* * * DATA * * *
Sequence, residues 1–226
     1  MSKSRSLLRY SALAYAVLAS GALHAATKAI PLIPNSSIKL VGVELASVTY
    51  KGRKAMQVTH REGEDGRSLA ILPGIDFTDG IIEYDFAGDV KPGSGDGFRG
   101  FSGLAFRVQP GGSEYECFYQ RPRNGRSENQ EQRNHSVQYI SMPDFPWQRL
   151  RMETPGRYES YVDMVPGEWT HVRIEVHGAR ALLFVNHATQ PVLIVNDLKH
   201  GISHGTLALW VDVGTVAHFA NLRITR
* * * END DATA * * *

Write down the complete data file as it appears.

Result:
Sequence, residues 1–226
     1  MSKSRSLLRY SALAYAVLAS GALHAATKAI PLIPNSSIKL VGVELASVTY
    51  KGRKAMQVTH REGEDGRSLA ILPGIDFTDG IIEYDFAGDV KPGSGDGFRG
   101  FSGLAFRVQP GGSEYECFYQ RPRNGRSENQ EQRNHSVQYI SMPDFPWQRL
   151  RMETPGRYES YVDMVPGEWT HVRIEVHGAR ALLFVNHATQ PVLIVNDLKH
   201  GISHGTLALW VDVGTVAHFA NLRITR